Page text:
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I am referring to a question (and answer) given in Berkeley's Problems which I haven't understood properly.

$S$ is a subset of $\mathbb{R}$. $C$ is the collection of points $x$ in $R$ such that for every $\delta > 0$, ($x-\delta, x+\delta$) contains uncountably many points of $S$. Prove that $S \backslash C$ is countable (I call finite also as countable).

My attempt:

I only got so far as proving that $C$ is contained in $S^{\prime}$ as every basic open set around any point $x$ of $C$ contains infinitely many points of $S$ other than $x$.

My interpretation of Berkeley Answer:(may not be correct as I have not been able to understand it fully.)

In the answer, they say, suppose $y$ is a point of $S\backslash C$, then clearly $\exists$ $\delta > 0$ such that ($x-\delta, x+\delta$) (disjoint from $C$) contains only countably many points of $S$. By density of $Q$ in $R$, there is such an interval with rational endpoints. Why is this true? I believe that they should have written that such intervals can have only rational end points.

Then, they proceed by saying that since only countably many intervals exist with rational end points, $S\backslash C$ can contain only countably many points of $R$ as there are only a countable union of countably many points of $S$. Please help.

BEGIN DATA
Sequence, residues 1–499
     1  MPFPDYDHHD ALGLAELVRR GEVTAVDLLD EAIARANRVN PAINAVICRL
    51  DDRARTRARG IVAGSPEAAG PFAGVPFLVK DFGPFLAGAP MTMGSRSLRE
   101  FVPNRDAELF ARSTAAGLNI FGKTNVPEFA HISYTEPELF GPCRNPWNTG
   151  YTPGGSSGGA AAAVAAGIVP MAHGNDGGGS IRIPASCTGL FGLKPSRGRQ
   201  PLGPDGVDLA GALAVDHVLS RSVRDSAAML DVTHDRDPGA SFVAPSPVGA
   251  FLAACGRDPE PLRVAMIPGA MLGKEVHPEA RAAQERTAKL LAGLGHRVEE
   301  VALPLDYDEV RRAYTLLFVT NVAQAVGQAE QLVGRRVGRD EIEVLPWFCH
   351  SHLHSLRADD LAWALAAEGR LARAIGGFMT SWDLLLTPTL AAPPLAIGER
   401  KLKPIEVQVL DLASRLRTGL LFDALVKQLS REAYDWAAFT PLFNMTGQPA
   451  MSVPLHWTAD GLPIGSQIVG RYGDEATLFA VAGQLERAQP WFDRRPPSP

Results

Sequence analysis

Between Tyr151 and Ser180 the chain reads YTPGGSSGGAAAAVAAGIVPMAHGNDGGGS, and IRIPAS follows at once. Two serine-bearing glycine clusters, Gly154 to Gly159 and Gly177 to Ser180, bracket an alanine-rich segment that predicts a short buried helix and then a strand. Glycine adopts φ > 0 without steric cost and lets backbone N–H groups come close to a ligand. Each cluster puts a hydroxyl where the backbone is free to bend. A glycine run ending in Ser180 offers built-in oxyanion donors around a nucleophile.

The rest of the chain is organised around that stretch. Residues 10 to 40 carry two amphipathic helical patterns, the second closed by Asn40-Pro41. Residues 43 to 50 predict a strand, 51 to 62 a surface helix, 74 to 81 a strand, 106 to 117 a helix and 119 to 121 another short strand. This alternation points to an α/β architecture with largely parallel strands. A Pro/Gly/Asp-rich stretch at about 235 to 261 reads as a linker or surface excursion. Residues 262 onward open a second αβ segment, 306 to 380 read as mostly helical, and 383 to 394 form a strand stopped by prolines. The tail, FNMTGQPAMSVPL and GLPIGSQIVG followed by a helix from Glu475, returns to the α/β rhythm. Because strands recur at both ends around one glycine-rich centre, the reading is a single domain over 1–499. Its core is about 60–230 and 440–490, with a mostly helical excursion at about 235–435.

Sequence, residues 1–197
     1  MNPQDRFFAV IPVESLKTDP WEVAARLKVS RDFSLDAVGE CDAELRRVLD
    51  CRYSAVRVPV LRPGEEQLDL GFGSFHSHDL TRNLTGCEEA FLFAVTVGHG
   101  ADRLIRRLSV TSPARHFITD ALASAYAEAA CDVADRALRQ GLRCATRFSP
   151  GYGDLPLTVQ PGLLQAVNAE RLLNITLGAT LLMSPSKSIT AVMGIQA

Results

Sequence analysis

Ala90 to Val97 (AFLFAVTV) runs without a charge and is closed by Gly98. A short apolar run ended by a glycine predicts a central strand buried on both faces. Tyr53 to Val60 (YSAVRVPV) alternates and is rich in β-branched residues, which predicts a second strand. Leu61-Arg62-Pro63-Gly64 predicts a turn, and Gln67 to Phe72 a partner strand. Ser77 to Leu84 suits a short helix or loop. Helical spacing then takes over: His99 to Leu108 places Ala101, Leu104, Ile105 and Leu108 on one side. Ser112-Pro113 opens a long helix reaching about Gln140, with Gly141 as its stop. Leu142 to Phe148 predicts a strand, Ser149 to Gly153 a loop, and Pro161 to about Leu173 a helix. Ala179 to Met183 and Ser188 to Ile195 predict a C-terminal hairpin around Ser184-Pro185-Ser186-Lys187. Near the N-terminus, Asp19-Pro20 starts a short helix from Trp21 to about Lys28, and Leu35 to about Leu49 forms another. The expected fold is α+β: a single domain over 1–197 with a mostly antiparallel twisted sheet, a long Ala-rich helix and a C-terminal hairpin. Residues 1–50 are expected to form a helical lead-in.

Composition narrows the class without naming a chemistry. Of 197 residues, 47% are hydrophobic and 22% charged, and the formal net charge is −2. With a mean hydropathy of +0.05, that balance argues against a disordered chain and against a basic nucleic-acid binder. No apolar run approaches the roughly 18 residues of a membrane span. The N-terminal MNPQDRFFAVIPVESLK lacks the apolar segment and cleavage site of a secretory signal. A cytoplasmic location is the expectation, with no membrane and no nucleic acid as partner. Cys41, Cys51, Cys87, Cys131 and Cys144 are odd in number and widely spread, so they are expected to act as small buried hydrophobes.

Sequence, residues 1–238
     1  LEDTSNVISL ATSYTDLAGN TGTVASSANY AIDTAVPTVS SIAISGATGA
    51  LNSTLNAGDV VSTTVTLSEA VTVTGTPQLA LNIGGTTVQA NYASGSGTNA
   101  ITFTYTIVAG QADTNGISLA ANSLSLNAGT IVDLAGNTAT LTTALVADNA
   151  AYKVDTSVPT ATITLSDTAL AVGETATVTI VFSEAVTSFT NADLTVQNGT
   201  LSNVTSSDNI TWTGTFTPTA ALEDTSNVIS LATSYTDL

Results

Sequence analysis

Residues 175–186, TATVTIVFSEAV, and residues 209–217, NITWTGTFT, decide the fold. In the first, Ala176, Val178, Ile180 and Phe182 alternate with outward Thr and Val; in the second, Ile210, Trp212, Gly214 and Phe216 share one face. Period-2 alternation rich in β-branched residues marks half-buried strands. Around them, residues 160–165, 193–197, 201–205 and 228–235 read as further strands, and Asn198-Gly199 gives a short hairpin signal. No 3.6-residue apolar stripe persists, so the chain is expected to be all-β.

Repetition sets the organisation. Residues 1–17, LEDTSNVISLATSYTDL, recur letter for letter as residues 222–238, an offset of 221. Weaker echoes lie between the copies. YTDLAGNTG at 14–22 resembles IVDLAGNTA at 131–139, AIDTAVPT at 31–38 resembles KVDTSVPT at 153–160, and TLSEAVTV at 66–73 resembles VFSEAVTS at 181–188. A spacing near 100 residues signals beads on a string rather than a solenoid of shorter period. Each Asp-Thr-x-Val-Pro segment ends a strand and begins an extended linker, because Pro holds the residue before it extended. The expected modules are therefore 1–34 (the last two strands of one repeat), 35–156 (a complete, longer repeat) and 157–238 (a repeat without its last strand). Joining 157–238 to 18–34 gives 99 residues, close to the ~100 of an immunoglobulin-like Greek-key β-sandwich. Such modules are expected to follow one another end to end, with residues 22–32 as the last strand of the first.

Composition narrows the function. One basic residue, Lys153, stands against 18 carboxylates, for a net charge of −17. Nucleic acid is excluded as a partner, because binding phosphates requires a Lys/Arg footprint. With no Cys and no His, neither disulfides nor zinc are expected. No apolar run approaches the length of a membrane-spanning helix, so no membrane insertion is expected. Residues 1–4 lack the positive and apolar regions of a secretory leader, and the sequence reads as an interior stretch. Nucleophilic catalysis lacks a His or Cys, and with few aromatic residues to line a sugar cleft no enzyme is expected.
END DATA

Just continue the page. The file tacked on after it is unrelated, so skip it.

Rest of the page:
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    $\begingroup$ I'm not sure the statement is even correct (maybe I'm misreading); here you could take $S = \mathbb{R}$, $C = \{0\}$, and the desired conditions would be satisfied, but $S\setminus C = \mathbb{R}\setminus \{0\}$ which is not countable. $\endgroup$ – catfish Nov 11 '15 at 18:22
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    $\begingroup$ @catfish It should probably read "C is the collection of points ..." $\endgroup$ – zhw. Nov 11 '15 at 18:32
  • $\begingroup$ I think that once the $S$ is fixed, your $C$ is also fixed. In this case, $C$ has no choice but to become $R$. $\endgroup$ – user166305 Nov 11 '15 at 18:33
  • $\begingroup$ Not the way you wrote it. You should edit it. $\endgroup$ – zhw. Nov 11 '15 at 18:34
  • $\begingroup$ @zhw yes I'll make it 'the'. Thanks for the correction $\endgroup$ – user166305 Nov 11 '15 at 18:35
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Try this interpretation of the argument: Let $\cal I$ be the collection of all intervals $(r,s)$ with rational endpoints $r$ and $s$, that have the property that $(r,s)\cap S$ is countable. For any point $x$ that is in $S$ but fails to be in $C$, we see that $x$ must be in one of these intervals. Etc.

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